As we pen these risk highlights, there are growing worldwide concerns regarding the sudden, troubling and unexpected breakout of hostilities among the State of Israel and the Hamas  terrorist group controlling the Gaza Strip. Risks of wider Middle East tensions or conflicts can add to more volatile oil and commodity markets.

Other Highlights, Forecasts and Report Observations

Among the key highlights and report observations are that:

  • The global economy continues to recover from the multi-year pandemic but at the same time, “economic activity has slowed but not stalled” and that “The global economy is limping along, not sprinting.”
  • World economic growth will reportedly slow from 3.5 percent in 2022 to a forecasted 3 percent this year, an anticipated 2.9 percent in 2024.
  • Headline inflation, while continuing to decelerate is forecasted by the IMF to decline from 9.2 percent in 2022, to 5.9 percent in 2023 and a forecasted 4.8 percent for the coming year. The report adds that while underlying inflation levels have decreased: “they remain uncomfortably high.” That latter statement adds to the uneasiness of equity markets and lenders who eschew the prospect of continued higher interest rate moves among global banks. The agency in turn forecasts that most countries are not expected to reach their core controlled inflation targets until 2025.
  • In labor markets, despite signs of softening the report indicates that “labor markets in advanced economies remain buoyant with historically low unemployment rates helping to support activity.”
  • An accompanying table of World Economic Outlook Projections by geographic regions in 2024 includes detailed forecasts concerning expected Real GDP The grouping of Advanced Economies is forecasted to be 4.0 percent, with the U.S. real GDP expected to decline from 2.1 in 2023 to 1.5 percent in 2024. For the grouping Emerging Market and Developing Economies, GDP growth is expected to be flat at 4.0 percent, but the sub-category of Emerging and Developing Asia has GDP declining from 5.2 percent this year to 4.8 percent in 2024. Specifically for China, the decline in GDP is from 5.0 percent in 2023 to 4.2 percent in 2024.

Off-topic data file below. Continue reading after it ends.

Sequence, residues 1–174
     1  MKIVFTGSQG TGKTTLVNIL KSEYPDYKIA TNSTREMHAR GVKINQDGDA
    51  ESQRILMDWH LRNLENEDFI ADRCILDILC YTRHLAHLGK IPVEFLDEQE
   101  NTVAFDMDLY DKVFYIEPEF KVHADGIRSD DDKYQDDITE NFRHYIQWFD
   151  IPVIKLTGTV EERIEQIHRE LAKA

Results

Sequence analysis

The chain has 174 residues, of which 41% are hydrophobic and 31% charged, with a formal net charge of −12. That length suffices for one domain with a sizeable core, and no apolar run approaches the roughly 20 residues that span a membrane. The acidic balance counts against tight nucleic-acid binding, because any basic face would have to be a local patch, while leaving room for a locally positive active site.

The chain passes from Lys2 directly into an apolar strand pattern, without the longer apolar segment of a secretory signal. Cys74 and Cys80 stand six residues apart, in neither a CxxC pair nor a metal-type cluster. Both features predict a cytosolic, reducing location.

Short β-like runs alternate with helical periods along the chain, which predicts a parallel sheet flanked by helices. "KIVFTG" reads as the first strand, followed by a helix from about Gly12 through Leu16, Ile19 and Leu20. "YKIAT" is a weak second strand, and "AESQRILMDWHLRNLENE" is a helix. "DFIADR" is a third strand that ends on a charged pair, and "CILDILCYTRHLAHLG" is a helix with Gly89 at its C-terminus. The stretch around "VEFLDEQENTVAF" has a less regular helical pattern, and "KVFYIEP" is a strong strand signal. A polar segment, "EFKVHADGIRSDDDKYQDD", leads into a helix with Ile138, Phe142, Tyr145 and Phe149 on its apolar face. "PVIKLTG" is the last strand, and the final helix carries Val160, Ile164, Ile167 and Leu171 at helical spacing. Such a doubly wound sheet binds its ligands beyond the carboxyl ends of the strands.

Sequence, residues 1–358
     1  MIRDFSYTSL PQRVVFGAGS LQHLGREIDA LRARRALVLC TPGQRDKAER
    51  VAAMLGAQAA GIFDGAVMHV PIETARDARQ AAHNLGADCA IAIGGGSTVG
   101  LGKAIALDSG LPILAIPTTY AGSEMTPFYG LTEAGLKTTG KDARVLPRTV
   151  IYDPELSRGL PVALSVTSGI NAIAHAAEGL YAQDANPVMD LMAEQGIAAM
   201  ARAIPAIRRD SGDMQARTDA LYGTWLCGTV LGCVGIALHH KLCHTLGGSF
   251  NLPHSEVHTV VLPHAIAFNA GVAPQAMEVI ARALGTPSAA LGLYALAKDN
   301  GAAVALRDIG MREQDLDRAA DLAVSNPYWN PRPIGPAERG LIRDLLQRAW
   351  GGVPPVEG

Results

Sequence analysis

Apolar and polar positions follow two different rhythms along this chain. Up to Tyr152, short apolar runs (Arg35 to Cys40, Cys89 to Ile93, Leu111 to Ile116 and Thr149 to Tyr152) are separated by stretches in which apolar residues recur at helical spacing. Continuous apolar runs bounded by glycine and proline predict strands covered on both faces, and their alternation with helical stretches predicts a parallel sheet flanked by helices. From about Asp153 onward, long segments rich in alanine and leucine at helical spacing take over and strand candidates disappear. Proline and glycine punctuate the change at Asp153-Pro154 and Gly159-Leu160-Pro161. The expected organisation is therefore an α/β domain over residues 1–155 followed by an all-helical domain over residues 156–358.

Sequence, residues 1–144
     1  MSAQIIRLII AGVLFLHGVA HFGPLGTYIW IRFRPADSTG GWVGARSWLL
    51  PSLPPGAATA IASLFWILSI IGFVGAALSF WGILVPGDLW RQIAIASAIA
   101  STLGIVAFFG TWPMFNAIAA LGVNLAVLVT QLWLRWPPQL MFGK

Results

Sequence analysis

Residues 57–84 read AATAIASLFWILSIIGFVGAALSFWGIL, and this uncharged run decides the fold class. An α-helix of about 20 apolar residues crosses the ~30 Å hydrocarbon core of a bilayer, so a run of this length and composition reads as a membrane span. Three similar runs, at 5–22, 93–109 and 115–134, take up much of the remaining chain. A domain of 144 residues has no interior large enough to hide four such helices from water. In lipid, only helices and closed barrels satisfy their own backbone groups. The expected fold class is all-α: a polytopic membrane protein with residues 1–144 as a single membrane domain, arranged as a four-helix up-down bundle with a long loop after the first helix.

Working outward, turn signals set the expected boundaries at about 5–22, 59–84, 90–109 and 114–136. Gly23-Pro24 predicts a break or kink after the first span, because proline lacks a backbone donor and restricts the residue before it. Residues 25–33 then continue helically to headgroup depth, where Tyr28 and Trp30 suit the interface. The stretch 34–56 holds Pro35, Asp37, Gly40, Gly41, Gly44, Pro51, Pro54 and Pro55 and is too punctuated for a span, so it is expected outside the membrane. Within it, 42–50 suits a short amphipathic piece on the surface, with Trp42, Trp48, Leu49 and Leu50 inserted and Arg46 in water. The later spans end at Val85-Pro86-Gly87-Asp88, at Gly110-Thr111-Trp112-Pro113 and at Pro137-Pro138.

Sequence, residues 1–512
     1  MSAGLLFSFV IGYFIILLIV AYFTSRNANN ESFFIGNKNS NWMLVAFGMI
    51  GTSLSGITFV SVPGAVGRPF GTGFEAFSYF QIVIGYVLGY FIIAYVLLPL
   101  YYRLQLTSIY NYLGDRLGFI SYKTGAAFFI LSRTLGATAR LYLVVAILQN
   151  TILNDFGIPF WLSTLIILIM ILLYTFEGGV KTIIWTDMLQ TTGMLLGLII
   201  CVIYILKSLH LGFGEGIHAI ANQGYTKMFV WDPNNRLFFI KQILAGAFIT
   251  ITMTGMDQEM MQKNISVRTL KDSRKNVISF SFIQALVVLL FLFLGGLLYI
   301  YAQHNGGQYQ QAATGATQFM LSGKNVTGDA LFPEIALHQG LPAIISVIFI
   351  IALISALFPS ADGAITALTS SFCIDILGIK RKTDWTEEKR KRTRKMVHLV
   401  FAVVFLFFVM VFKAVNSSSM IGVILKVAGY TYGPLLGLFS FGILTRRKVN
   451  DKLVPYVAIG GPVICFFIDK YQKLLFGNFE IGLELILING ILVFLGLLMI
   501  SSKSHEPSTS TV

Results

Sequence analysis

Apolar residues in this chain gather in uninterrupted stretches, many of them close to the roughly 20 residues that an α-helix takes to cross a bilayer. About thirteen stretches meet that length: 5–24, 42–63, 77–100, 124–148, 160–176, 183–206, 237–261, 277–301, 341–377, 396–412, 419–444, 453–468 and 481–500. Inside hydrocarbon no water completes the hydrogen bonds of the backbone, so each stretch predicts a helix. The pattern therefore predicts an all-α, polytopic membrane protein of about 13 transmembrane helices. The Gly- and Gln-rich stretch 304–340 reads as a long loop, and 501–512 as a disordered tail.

Summary Thoughts and Added Resources

In this commentary we have specifically highlighted areas that industry and global supply chain planning and strategy teams should be homing in on in their planning assumptions and likely business implications for product demand, supply and risk mitigation actions for the coming year(s). Utilize our highlighted links to garner additional detail. In addition, follow along with our summary highlights of monthly global wide PMI reporting, in particular, our recently published highlights of September and Q3 PMI reports and trending, and our commentary highlighting two published reports indicating added evidence of emerging regionalization of global supply networks.

Over the next several weeks we will reference other available published data, commentaries and podcast conversations related to what to expect in 2024. Contact us for added information or consultation, or if you want to add your own thoughts regarding what to expect.

Stay tuned.


Bob Ferrari

© Copyright 2023, The Ferrari Consulting and Research Group and the Supply Chain Matters® blog. All rights reserved.